Four votes to protect the South Atlantic whales

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Piauí, Honolulu, Hawaii

The creation of the South Atlantic Whales Sanctuary - an old claim made by Brazil and other countries - has never been so close to be approved. The proposal will be voted in the next meeting of the International Whaling Commission, in October.During the World Conservation Congress, that happens this week in Honolulu, Brazilian biologist Ugo Vercillo, one of the authors of the project, said that four more votes are needed in order to have the proposal approved (story in Portuguese).


Humpback whale, which had 95% of its population reduced, would be one of the main species benefited by the creation of the South Atlantic Whale Sanctuary (photo: Rainer J. Wagner - CC 3.0 BY-SA)

Brazil has never come so close to approving the creation of a whale sanctuary in the South Atlantic, a longstanding claim of the country. The proposal will be voted on at the next meeting of the International Whale Commission, which will take place next month. Biologist Ugo Vercillo, one of the coordinators of the project, took advantage of his participation in the World Conservation Congress in Honolulu, Hawaii, to lobby representatives of countries opposed to the measure. "We need to turn four votes," Vercillo told the blog during the event. The proposal - available for consultationOn the Commission website - is being hosted by four other countries: Argentina, Uruguay, Gabon and South Africa. Presented by Brazil in 1998, the project was put to a vote for the first time in 2001 and has suffered some defeats ever since. The last time he went to the plenary, he came close to getting the 75% of votes needed to approve the proposal. At the time, 40 member states voted in favor, 18 opposed and 2 abstained - checkhow each nation voted .

If approved, the South Atlantic Whale Sanctuary will protect all whales from passing through the waters of that ocean below the equator. In this case, he will join the other two initiatives of the genre: the Sanctuary of the Indian Ocean, created in 1979, and the Antarctic Ocean, 1994. The initiative aims to encourage research, observation and sustainable use of these marine mammals. The video below, produced by the Ministry of Environment, gives more details about the proposal

According to Ugo Vercillo of the Ministry of the Environment, one of the main species benefited by the creation of the sanctuary would be the humpback whale, which had 95% of its population reduced until the end of the last century. "The frank whale, a coastal species, was also very fished.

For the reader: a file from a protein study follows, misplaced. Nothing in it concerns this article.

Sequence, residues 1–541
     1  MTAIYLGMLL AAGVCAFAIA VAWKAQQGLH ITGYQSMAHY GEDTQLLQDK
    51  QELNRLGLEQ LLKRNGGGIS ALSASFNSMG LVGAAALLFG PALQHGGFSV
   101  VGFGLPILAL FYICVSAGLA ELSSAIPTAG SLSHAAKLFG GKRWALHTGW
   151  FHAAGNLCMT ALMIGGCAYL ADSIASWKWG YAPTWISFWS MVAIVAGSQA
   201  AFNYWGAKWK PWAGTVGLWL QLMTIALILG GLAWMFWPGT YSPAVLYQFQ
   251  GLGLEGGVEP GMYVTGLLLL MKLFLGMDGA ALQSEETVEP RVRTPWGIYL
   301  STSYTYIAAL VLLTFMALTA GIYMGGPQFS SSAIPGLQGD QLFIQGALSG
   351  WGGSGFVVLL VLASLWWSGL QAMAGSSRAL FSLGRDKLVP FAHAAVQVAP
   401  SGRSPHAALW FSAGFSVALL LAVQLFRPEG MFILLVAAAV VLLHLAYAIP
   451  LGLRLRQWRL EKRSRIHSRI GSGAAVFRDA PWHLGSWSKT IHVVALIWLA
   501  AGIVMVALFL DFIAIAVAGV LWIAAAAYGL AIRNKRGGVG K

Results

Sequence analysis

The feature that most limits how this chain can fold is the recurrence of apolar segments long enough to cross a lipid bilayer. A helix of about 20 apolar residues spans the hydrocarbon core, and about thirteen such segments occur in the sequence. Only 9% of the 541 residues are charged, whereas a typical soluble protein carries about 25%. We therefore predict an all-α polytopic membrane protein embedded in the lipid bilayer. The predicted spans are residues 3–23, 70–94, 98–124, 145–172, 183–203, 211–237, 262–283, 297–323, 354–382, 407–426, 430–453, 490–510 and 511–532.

And the South Atlantic is also part of the itinerary of other migratory species that are not coastal, such as fin whale and whale-sei, "added Vercillo, a 36-year-old biologist from Brasilia.

It is estimated that almost 3 million whales were exterminated in the 20th century, 71 percent of which in Southern Hemisphere seas. Commercial whaling was banned on paper in 1985, but countries like Japan, Norway and Iceland continue to kill cetaceans Under the pretext of doing scientific research. The number of whales decimated since the establishment of the moratorium is counted in the tens of thousands, according to commission statistics.

In order to obtain the necessary votes for the approval of the sanctuary, Brazil will deposit its files in liaison with Gabon. The hope is that this newly co-opted ally for the sanctuary cause will help win the support of neighbors such as Benin, Cameroon, Guinea- Morocco, who did not support the proposal at the last consultation.

"They are francophone countries, which have a strong relationship with Gabon because of their language and proximity," explained Vercillo. "If we can convince them, that changes the landscape."

The biologist explained that some of these countries vote with Japan because they have trade relations with the Asian nation, which stimulates fishing activity in Africa. In past elections Japan has already been accused of buying votes and resorting to other obscure expedients to gain the support of some delegations.

Brazil has made diplomatic articulations in the search for votes. In Honolulu, Vercillo also sought adhesions. At the end of a press conference, the biologist was approached by an environmentalist from Ghana, who voted against the proposal in 2012. Vercillo consulted a document in his briefcase and informed the environmentalist the name of the representative of the Ministry of Fisheries who speaks in Name of the African country in the commission. "If we win this vote would be great," commented Vercillo after the speaker turned away.

The next meeting of the International Whale Commission begins on 20 October in Portoroz, Slovenia.